The film is tagged as a “sci-fi thriller/horror.” And true enough, it provides an adequate amount of thrills and chills. Edwards worked around his production cost of US$ 15 000 by focusing on sound to create haunting mindscapes rather than on the visuals. But the most important moment is the sequence in which Monsters parodies itself.

In the scene at the facility, having build up tension with the camera frantically looking around for signs of aliens after a bone-chilling wail is heard, the camera finds the image of a cow. Holy cow! Its bovine humour underlines the fact that the film understand its ‘rules’ and that it knows the audience does too, and that it seeks to be more terrifying by destabilizing that convention.

You always get the sense of fear and dread in anticipation, but somehow that culminating product never really arrives. To me, that is Edwards’ critical self-commentary on the whole ‘monster’ genre. The film is called Monsters and in a sense, it really is a ‘monster’ when it aims to destroy the conventions we have built up over the years of cinema history.

There is even a better example of its metafictional commentary: In the scene where Samantha is holed up in the gas station, we are introduced to the alien tentacles creeping its way towards Samantha. At that moment, the prediction seems to be that they will be heading for Samantha. But they don’t. Instead, the tentacles reach out to the tv set that is broadcasting images of the aliens themselves. Once contact is made between the screen and the tentacles, the tentacles glow ever so slightly and seem to register a pulse – as if they were feeding on their own images. A pun on ‘live feed.’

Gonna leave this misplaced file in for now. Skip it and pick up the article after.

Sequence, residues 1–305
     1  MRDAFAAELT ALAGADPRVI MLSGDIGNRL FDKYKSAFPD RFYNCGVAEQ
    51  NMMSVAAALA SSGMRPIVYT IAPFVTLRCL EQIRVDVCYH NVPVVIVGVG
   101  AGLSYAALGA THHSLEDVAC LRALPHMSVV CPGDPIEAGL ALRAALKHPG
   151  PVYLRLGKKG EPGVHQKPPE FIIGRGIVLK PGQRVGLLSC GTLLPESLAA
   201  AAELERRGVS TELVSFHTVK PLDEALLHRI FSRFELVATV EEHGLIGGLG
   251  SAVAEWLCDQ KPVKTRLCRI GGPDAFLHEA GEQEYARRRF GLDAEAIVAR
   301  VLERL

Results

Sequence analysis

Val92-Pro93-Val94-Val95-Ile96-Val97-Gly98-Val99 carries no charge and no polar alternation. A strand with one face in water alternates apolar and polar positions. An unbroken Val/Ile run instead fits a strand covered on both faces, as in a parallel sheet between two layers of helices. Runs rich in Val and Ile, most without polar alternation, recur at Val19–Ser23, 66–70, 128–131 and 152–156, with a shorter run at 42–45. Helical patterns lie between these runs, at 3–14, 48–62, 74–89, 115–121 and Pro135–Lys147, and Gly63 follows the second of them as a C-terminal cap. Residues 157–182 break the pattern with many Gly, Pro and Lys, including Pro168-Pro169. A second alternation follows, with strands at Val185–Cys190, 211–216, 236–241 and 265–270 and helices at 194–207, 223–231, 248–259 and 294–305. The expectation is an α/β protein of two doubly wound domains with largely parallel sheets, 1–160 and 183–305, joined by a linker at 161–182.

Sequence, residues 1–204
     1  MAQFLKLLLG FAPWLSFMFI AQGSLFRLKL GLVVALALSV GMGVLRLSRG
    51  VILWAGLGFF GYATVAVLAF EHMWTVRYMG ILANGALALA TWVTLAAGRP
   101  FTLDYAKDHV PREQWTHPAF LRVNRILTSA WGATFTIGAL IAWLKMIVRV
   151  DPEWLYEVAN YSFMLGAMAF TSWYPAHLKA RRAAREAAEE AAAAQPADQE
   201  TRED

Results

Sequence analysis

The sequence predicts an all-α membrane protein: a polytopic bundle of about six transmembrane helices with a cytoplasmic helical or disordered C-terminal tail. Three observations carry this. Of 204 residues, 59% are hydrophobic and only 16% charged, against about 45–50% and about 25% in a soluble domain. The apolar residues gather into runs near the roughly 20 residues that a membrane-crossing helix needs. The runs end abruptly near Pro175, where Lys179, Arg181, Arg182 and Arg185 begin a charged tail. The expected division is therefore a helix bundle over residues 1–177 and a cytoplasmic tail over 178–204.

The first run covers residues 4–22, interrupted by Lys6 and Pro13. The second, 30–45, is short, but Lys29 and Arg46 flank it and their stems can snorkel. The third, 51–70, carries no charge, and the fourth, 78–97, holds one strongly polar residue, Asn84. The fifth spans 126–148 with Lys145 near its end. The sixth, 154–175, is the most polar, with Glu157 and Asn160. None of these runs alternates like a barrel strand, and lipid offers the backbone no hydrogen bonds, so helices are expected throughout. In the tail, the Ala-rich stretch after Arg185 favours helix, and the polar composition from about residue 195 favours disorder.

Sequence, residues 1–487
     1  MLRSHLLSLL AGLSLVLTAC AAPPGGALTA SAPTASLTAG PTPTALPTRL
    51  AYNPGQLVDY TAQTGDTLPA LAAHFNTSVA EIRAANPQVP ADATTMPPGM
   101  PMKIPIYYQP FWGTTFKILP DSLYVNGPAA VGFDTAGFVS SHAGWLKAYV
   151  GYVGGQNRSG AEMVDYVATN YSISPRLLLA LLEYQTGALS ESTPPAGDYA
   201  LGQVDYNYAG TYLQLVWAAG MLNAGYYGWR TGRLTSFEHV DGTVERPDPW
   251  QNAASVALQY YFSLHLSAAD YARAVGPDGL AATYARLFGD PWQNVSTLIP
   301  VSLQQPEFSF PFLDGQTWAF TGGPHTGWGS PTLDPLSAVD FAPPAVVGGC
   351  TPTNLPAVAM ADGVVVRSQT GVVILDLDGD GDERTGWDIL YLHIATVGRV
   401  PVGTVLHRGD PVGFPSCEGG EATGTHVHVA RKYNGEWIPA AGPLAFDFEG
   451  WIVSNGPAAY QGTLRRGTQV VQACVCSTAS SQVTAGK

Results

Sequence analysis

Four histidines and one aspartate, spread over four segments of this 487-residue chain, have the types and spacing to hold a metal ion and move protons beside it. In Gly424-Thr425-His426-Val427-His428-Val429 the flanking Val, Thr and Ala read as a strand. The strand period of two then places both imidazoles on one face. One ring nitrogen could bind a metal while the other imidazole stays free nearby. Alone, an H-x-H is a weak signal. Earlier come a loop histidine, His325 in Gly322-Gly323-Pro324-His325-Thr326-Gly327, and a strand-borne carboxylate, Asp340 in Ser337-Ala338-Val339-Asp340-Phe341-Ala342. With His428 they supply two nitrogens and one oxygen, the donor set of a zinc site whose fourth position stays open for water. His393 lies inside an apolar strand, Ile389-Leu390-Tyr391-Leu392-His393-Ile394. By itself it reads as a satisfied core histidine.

But more importantly, Monsters seems to be making a point about its own self-reflexivity (again, intensifying its genre-defying stance). The film feeds on its own image: it is called “Monsters” when it is also a monster cannabalizing on its own conventions and rules. It plays a game of smoke and mirrors, deceiving us into thinking about all that we’ve learnt from monster-films, turn them around and aims the camera right back at us.

Why? Because whatever we’ve learn from the movies form our imagination of our world/realities. And in an industry dominated by Hollywood, Monsters is an attempt to climb the Empire State Building and perhaps to tear it down as well. We’ve become monsters ourselves when we create ‘monsters’ out of our own imagination – much like Shelley’s social commentary in Frankenstein.

So if you’d asked me again what is Monsters really about, it is about monsters and perhaps the screen becomes a mirror.  We’ve always have stories as the basis of communities. Sometimes we create fiction to get a hint of truth and reality. But sometimes, we’ve simply traded reality for fiction – especially about oursevles.